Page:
Internal Medicine and Medical Investigation Journal

ISSN: 2474-7750

Hematologic Changes in Patients with Graves? disease in Gorgan During 2014-2015


Author(s): Maryam Zahedi, Farzam Mirkamali, Sharabeh Hezarkhani, Armineh Motiee, Arash Rezaei Shahmirzadi, Mohammad Hadi Molseghi, Reza Alipoor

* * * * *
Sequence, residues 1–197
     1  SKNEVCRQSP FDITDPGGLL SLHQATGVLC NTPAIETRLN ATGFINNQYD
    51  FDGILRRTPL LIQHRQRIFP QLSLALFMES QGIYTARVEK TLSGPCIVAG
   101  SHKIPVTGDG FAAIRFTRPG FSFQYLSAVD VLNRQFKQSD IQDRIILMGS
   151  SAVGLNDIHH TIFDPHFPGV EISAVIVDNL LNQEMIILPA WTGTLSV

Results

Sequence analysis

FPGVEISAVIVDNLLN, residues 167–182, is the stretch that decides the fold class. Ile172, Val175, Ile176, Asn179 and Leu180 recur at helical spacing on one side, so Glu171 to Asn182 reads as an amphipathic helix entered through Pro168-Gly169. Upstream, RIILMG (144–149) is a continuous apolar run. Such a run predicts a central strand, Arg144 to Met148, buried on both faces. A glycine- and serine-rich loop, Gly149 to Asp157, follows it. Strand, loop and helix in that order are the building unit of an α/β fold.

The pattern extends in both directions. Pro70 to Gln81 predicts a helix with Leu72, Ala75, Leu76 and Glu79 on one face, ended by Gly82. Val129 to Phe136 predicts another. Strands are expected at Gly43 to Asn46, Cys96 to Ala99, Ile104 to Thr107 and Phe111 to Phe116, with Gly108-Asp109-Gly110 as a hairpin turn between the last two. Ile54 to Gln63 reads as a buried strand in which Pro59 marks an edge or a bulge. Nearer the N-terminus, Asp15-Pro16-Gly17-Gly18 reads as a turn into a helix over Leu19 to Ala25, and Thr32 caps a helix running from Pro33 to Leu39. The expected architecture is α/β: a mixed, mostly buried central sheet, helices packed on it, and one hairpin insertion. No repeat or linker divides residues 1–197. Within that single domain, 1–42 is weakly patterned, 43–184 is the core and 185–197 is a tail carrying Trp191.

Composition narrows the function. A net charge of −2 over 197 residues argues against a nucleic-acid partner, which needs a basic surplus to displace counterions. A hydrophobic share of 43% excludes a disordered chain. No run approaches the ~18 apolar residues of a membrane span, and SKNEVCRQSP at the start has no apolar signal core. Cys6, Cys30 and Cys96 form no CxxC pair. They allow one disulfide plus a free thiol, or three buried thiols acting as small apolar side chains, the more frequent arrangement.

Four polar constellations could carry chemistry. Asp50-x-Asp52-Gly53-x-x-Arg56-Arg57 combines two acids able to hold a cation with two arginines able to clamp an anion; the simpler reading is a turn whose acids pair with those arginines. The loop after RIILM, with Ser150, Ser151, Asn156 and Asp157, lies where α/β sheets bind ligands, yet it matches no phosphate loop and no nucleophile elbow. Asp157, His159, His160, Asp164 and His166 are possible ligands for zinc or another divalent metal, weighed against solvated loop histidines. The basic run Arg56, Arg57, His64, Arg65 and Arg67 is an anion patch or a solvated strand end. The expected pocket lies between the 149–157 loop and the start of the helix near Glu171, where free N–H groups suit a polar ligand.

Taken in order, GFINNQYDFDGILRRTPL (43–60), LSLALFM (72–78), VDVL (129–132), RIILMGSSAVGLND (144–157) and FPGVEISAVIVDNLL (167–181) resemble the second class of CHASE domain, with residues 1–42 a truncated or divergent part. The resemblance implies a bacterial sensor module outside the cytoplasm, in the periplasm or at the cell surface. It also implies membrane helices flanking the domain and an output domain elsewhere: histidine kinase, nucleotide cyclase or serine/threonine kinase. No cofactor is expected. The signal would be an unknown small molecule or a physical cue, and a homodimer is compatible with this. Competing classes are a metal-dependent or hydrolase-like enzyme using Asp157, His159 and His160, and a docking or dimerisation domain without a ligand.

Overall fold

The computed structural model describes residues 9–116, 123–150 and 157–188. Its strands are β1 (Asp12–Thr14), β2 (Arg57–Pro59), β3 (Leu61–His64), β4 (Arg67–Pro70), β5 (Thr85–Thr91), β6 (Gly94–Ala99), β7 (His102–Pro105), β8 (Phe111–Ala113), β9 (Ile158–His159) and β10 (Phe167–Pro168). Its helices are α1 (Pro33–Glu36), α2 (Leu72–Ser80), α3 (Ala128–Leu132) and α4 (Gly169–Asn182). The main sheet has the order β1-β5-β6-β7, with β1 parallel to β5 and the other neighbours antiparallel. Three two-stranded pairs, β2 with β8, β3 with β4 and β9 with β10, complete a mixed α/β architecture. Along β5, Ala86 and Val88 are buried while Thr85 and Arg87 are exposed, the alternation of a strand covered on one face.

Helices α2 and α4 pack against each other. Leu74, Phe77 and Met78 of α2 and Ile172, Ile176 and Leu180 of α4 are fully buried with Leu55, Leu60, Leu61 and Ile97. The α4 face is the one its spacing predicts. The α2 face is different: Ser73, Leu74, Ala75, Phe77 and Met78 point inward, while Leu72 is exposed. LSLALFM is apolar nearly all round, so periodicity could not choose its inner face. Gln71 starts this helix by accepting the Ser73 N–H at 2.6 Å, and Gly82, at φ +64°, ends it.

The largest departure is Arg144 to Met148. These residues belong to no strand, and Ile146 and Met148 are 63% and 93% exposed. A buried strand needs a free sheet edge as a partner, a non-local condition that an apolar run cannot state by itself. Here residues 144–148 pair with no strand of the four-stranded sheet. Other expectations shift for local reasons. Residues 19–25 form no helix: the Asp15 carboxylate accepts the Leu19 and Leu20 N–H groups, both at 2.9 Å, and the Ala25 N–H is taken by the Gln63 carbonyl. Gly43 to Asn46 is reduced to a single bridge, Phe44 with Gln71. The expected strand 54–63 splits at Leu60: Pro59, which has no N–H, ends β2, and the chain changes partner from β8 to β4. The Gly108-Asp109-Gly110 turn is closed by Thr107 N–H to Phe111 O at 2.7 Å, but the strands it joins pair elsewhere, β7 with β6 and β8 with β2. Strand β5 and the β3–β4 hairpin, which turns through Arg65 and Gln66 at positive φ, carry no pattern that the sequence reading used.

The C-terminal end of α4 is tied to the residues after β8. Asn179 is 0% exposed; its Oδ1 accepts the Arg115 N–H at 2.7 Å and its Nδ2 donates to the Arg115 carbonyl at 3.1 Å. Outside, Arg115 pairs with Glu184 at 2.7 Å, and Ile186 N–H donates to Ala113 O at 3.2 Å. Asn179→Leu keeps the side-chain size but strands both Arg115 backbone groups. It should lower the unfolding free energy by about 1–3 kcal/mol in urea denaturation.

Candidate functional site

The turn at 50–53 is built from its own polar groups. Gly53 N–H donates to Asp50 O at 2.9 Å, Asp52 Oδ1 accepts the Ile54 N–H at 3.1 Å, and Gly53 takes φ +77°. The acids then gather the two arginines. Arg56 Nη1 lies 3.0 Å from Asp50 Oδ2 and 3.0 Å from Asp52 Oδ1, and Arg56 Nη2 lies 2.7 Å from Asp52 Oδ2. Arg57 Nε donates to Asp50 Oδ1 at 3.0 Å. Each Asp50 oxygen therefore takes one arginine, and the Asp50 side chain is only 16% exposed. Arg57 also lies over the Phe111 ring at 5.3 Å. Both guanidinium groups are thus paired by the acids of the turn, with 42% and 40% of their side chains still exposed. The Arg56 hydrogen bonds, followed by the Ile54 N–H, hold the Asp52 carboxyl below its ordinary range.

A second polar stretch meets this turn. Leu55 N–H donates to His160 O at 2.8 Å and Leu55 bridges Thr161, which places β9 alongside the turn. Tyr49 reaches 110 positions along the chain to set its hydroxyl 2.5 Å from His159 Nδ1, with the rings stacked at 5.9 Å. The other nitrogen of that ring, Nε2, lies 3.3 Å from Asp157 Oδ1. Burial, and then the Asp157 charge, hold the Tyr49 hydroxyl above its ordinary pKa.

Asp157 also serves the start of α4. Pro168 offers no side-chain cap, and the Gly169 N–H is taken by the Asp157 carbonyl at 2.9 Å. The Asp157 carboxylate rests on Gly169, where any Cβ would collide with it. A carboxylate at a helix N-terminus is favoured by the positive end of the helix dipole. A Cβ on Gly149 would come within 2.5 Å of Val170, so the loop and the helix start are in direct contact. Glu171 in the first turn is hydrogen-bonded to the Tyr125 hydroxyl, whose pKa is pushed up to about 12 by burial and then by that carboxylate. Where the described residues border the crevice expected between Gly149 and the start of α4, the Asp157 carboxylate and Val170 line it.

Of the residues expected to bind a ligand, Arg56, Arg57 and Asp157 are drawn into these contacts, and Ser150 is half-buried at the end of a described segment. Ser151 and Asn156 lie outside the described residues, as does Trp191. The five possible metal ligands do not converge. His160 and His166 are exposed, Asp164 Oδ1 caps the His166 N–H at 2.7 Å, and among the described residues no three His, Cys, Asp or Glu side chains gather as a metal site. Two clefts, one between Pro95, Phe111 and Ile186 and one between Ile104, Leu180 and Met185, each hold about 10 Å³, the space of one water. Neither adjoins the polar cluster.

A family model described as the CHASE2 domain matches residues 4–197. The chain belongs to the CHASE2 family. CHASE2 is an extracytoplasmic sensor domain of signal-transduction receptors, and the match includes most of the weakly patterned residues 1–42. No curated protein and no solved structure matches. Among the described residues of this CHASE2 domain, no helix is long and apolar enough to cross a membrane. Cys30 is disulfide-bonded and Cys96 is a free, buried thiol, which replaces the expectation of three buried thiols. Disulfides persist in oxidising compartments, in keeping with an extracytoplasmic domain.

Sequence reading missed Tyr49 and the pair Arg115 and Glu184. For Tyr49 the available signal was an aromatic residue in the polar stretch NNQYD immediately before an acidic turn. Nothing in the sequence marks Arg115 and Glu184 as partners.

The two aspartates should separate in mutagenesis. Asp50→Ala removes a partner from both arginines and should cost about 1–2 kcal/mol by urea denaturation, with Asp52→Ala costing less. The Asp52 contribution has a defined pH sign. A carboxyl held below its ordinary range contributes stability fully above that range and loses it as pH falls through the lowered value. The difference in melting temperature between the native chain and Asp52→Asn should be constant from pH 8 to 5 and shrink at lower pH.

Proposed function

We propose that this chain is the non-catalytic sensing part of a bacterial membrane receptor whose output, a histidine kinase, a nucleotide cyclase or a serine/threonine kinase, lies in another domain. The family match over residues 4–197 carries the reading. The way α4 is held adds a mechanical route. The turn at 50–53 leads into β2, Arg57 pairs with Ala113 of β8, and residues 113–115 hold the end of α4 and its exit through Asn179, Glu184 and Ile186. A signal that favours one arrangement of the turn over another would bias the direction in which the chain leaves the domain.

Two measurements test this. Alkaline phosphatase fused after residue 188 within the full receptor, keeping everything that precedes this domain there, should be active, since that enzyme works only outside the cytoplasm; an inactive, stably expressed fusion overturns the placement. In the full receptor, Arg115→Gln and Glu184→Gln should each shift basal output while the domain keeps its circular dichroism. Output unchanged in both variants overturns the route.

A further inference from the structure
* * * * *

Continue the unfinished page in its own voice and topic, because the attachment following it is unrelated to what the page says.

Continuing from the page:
Background: The most common cause of hyperthyroidism in areas without iodine deficiency is Graves’ disease. There are reports of some hematological alterations in hyperthyroidism. This study was designed to measure the hematologic profile in the patients with Graves’ disease before and after the treatment. Methods: In this cross-sectional study, 100 patients were selected with convenience sampling that diagnosed as autoimmune Graves’ disease in our academic endocrinology clinic during 2014-2015. Inclusion criteria included autoimmune hyperthyroidism in patients who were referred to this center during the study period. Patients who refused to take part in the research, had recent infections disease, malignancies, surgical procedures, severe trauma, received immunosuppressive drugs or corticosteroids, high erythrocyte sedimentation rate (ESR) values during the last six months, and not responded to treatment with methimazole were excluded from the study. The simple sampling technique was used to select the patients. A complete blood count (CBC) was taken before and after treatment. The P-value less than 0.05 was considered as the statistical significance level. All data were analyzed using the Statistical Package for the Social Sciences 16.0 (SPSS Inc., Chicago, IL, USA) software. Results: One hundred patients with a mean age of 38 ± 9.8 years were included. There were no significant changes in the white blood cells (WBC) count, red blood cells (RBC) count, and platelets. Mild anemia (Hb=12.16±1.23) present before treating the hyperthyroidism that was significantly improved after treatment (P= 0.000). Conclusions: Our results showed that the only significant hematologic change in patients with Graves’ disease was mild anemia that improves after treating the underlying thyroid disorder <

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